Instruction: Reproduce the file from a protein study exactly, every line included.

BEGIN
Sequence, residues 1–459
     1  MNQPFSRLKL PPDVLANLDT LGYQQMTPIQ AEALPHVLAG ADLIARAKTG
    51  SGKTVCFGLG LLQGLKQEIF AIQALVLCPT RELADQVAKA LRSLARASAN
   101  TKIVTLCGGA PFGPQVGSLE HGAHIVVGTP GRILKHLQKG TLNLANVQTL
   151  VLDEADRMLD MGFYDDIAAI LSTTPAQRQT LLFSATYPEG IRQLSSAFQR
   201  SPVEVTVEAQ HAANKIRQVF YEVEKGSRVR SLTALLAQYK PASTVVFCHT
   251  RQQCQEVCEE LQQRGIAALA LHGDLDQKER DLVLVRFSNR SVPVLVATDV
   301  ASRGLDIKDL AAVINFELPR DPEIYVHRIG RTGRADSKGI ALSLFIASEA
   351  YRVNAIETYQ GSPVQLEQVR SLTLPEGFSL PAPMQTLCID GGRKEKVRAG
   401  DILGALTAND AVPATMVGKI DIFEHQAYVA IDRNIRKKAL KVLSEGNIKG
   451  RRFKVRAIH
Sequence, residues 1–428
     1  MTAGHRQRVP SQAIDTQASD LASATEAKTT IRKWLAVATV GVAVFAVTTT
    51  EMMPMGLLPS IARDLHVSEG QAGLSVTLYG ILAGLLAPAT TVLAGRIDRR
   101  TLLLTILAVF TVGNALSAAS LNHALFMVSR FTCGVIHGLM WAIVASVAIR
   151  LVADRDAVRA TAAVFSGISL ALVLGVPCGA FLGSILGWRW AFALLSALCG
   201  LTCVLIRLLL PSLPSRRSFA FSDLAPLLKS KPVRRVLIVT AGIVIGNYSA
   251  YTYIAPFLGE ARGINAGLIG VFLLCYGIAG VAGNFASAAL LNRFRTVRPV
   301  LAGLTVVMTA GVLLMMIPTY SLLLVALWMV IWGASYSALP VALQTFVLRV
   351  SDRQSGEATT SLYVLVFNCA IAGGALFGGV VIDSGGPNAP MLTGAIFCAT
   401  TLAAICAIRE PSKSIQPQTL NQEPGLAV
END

Sequence, residues 1–459
     1  MNQPFSRLKL PPDVLANLDT LGYQQMTPIQ AEALPHVLAG ADLIARAKTG
    51  SGKTVCFGLG LLQGLKQEIF AIQALVLCPT RELADQVAKA LRSLARASAN
   101  TKIVTLCGGA PFGPQVGSLE HGAHIVVGTP GRILKHLQKG TLNLANVQTL
   151  VLDEADRMLD MGFYDDIAAI LSTTPAQRQT LLFSATYPEG IRQLSSAFQR
   201  SPVEVTVEAQ HAANKIRQVF YEVEKGSRVR SLTALLAQYK PASTVVFCHT
   251  RQQCQEVCEE LQQRGIAALA LHGDLDQKER DLVLVRFSNR SVPVLVATDV
   301  ASRGLDIKDL AAVINFELPR DPEIYVHRIG RTGRADSKGI ALSLFIASEA
   351  YRVNAIETYQ GSPVQLEQVR SLTLPEGFSL PAPMQTLCID GGRKEKVRAG
   401  DILGALTAND AVPATMVGKI DIFEHQAYVA IDRNIRKKAL KVLSEGNIKG
   451  RRFKVRAIH
Sequence, residues 1–428
     1  MTAGHRQRVP SQAIDTQASD LASATEAKTT IRKWLAVATV GVAVFAVTTT
    51  EMMPMGLLPS IARDLHVSEG QAGLSVTLYG ILAGLLAPAT TVLAGRIDRR
   101  TLLLTILAVF TVGNALSAAS LNHALFMVSR FTCGVIHGLM WAIVASVAIR
   151  LVADRDAVRA TAAVFSGISL ALVLGVPCGA FLGSILGWRW AFALLSALCG
   201  LTCVLIRLLL PSLPSRRSFA FSDLAPLLKS KPVRRVLIVT AGIVIGNYSA
   251  YTYIAPFLGE ARGINAGLIG VFLLCYGIAG VAGNFASAAL LNRFRTVRPV
   301  LAGLTVVMTA GVLLMMIPTY SLLLVALWMV IWGASYSALP VALQTFVLRV
   351  SDRQSGEATT SLYVLVFNCA IAGGALFGGV VIDSGGPNAP MLTGAIFCAT
   401  TLAAICAIRE PSKSIQPQTL NQEPGLAV